All human communication is 95% dross, so it's no surprise that Twitter is the same. The secret, therefore, to getting something useful out of Twitter is to a) follow people who have a higher than average signal to noise ratio and b) learn to ignore the stuff that bores you. Twitter just another new communication medium. It's as useful (or as useless) as the people who use it. All of your criticisms of Twitter could have been used against blogs five years ago. You may well have said similar things yourself - and yet here you are sharing largely trivial details of your life with complete strangers. You'll be using Twitter (or some similar system) within two years. To see the MPs who already think it's a useful part of their communication toolbox, take a look at Tweetminster - http://tweetminster.co.uk/
 
 
Jamie S said:
Responded: Tuesday, 5 May 2009
You're entirely right Nadine. Don't ever join Twitter; you can't be too careful can you? While we're at it, you may as well stop blogging too, boring and mundane as it is. As for those 'telephones': equally pointless. People just whittering on and on about being on the train or talking to their friends about all manner of banal rubbish. Who wants to know? I say stop innovation in communication right now before we all forget how to talk to each other.
 
 
Nick said:
Responded: Tuesday, 5 May 2009
I agree with Jamie S. But can't we also get rid of that ghastly Internet/email too? And what about TVs, radio and the gramophone (the scourge of society if you ask me). And don't even get me started on morse code...
 
 
TJR said:
Responded: Tuesday, 5 May 2009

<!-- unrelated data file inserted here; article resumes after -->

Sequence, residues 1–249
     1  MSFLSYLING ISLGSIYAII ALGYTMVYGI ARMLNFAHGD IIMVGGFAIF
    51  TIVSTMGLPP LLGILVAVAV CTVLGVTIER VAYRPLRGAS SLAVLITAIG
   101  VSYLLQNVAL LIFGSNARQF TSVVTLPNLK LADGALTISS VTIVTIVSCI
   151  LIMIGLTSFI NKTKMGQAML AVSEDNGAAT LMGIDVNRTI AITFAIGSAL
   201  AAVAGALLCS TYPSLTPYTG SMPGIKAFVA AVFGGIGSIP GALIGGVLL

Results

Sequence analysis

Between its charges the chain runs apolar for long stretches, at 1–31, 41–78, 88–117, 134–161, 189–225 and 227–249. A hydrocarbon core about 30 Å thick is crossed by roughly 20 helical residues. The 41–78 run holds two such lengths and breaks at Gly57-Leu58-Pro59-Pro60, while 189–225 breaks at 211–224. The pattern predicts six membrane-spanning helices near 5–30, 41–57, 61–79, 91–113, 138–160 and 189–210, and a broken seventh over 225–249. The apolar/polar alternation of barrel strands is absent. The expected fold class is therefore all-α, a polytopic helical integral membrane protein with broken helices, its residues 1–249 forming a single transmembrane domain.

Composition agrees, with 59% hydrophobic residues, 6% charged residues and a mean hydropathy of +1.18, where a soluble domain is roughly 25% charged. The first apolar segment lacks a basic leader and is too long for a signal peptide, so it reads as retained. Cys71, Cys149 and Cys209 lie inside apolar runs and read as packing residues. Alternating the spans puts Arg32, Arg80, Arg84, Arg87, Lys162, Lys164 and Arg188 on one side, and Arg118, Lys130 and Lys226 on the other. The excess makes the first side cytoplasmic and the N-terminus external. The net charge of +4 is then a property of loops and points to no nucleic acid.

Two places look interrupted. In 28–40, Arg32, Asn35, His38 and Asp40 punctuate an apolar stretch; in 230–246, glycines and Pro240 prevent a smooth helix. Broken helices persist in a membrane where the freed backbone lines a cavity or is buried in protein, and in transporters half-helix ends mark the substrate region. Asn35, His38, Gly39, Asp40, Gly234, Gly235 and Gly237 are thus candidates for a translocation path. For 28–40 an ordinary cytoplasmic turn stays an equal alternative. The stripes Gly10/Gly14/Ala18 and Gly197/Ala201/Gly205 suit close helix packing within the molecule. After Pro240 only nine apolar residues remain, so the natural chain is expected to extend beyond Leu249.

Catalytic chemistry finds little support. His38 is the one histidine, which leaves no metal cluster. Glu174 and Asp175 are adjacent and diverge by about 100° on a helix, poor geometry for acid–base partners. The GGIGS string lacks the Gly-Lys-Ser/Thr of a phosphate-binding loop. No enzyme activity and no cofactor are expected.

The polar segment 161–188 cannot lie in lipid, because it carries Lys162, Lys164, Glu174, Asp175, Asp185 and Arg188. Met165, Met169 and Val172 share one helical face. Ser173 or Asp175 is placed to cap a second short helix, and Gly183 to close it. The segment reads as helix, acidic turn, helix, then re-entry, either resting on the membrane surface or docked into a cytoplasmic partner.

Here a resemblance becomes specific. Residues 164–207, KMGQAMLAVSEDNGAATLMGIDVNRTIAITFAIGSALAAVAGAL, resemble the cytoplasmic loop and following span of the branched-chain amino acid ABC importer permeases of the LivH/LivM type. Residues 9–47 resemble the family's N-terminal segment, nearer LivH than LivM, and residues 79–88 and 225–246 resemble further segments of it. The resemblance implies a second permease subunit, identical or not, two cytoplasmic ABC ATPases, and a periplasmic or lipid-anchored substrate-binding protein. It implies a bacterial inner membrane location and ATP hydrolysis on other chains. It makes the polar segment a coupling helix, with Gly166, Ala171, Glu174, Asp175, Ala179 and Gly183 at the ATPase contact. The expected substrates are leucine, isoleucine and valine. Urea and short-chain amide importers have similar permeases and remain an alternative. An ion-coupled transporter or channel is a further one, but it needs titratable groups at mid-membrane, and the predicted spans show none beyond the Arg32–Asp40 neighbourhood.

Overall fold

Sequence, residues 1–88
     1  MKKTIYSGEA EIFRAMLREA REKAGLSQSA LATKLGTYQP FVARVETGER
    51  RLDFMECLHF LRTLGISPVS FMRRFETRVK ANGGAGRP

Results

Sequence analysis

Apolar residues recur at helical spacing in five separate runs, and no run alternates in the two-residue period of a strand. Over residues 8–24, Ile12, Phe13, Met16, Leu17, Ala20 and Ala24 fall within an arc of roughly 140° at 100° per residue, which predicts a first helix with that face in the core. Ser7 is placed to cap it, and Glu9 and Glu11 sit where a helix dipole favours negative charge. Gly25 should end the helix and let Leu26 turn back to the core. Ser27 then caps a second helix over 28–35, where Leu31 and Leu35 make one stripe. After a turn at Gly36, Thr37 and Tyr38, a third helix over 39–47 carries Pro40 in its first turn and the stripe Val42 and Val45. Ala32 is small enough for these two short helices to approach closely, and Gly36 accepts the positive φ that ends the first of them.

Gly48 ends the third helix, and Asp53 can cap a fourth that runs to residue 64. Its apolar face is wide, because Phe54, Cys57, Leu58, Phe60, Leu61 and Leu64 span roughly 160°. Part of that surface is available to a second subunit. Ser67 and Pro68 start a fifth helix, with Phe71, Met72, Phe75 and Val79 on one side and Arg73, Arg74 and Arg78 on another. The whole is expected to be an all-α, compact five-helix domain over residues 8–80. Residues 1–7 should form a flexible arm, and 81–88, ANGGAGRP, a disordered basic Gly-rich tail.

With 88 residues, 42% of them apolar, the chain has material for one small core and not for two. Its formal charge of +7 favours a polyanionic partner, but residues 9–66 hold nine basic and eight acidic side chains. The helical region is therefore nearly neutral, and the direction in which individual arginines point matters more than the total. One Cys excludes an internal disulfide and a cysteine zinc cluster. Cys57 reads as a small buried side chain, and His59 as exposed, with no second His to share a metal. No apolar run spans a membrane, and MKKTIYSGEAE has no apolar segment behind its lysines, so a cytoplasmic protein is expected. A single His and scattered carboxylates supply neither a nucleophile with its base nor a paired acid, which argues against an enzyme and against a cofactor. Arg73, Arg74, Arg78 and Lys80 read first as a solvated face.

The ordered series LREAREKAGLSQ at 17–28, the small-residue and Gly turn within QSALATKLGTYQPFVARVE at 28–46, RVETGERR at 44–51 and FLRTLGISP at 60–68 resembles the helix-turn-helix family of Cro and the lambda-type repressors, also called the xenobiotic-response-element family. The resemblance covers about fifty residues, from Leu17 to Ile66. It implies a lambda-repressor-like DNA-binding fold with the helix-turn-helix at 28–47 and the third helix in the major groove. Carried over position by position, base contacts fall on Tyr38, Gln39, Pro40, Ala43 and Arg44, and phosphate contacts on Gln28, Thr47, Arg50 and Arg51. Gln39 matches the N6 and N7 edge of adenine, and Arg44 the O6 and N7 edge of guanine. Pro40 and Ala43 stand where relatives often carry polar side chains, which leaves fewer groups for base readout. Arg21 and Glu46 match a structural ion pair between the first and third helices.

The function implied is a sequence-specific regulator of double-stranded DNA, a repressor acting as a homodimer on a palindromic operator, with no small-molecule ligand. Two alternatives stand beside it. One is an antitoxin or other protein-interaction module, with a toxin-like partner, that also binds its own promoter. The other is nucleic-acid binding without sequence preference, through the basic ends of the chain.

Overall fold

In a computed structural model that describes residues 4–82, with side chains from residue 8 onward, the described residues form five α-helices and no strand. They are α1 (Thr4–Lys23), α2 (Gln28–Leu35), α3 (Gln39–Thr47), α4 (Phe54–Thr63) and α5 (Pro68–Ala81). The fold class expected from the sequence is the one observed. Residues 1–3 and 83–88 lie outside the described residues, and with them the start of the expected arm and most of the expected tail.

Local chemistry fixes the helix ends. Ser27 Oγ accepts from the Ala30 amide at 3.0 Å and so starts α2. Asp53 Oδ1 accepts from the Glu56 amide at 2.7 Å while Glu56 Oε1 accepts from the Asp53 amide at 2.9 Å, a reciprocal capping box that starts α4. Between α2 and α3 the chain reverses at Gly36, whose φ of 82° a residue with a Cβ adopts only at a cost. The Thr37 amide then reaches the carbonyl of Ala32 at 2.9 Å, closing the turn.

An insightful post, thank you Nadine. First off, I must get off my chest the issue of the "XBox/laptop" comment. This is a bit Daily Mail, isn't it? Swathes of teenagers wasting their lives in front of screens developing into socially retarded zombies? Come on. I love video games. I also love being social and spent much of my child split 50/50 between the then Xbox equivalent (they don't make them like the Amiga anymore) and kicking the preverbial ball around. In fact I'd say I'm better off from my interest in video games a child as the friends I obtained as a result were sufficiently geeky that my interests in more high-brow topics were piqued. Most of my friends who were also on my school sports team now think a good weekend involves downing poor quality alcohol very quickly and bringing it back up just as fast. Moving on to Twitter, I think you're both right and wrong. As some of the comments here have highlighted, Twitter can be used as valuable social networking tool. However this is not for the most part what it is used for. Like Facebook what it comes down to is its use for banal vanity. People often don't realise that no one cares what they think about the weather/the funny thing the cat just did, etc etc. This tidal wave of dismal dross swallows up and drowns out the real quality material, unless those Twittering are ruthless with those they follow.
 
 
Nick said:
Responded: Tuesday, 5 May 2009
TJR, I tend to agree. But accusing Nadine of being a bit "Daily Mail"? Surely not. The accusations you make about Twitter are probably fair, but then the same can be said about every medium of communication; whether it be TV, Radio, the Internet in general... And Nadine, come off it; you're not exactly one to shy away from blogging on the less riveting aspects of life (including your personal life): In a post entitled "Chocolate Muffins" "Posted Tuesday, 7 April 2009 at 21:27 This is sooo [sic] good. Pop in the microwave for 5 seconds before eating. Yummy!! [sic]" Or maybe: "Sleep" "Posted Wednesday, 15 April 2009 at 00:15 Took over .... more later :}" Or what about: "Mother's Day" "Posted Sunday, 22 March 2009 at 19:24 2 softly boiled eggs with soldiers in bed. ( the jokes have all been done) 3 wonderful daughters taking me out for supper. 5 goals at Anfield. Does it get any better? :)"